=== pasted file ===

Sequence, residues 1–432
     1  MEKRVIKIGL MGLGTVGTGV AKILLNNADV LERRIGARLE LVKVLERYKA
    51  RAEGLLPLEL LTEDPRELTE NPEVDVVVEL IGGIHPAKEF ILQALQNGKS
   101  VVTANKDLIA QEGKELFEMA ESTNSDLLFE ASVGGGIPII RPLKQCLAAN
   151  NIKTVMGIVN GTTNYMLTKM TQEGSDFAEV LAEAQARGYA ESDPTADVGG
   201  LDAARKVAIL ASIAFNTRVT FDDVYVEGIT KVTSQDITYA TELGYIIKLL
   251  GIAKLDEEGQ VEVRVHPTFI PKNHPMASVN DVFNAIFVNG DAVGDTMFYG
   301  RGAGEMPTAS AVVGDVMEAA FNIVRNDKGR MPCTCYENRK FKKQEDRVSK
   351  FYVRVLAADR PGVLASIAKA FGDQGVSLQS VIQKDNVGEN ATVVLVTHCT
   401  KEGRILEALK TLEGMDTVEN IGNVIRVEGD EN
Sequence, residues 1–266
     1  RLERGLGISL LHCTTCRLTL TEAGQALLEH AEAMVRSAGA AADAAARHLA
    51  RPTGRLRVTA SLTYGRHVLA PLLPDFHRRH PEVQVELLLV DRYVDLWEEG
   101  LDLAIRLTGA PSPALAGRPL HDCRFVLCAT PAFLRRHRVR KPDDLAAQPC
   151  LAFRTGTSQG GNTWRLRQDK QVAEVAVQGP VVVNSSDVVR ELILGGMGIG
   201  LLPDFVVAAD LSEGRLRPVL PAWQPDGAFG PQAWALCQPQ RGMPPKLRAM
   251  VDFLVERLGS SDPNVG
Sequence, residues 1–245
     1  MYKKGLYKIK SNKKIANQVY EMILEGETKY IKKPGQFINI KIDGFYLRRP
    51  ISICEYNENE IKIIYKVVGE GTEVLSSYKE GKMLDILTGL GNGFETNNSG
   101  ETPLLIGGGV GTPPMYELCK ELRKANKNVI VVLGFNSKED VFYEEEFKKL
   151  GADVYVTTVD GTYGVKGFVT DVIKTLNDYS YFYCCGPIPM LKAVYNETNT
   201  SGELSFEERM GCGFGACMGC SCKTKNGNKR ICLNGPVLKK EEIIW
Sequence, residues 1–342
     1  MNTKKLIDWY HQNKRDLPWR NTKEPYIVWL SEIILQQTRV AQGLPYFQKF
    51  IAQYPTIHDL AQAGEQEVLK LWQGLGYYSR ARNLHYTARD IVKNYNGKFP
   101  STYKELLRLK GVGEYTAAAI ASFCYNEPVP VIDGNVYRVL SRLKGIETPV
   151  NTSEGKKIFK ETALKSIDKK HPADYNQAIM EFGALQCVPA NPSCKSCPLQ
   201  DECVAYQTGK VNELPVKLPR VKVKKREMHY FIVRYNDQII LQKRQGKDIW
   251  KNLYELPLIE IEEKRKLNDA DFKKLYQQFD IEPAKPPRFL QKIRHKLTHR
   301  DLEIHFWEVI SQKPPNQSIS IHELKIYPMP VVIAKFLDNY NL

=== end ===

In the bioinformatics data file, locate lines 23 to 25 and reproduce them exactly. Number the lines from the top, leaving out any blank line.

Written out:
   201  SGELSFEERM GCGFGACMGC SCKTKNGNKR ICLNGPVLKK EEIIW
Sequence, residues 1–342
     1  MNTKKLIDWY HQNKRDLPWR NTKEPYIVWL SEIILQQTRV AQGLPYFQKF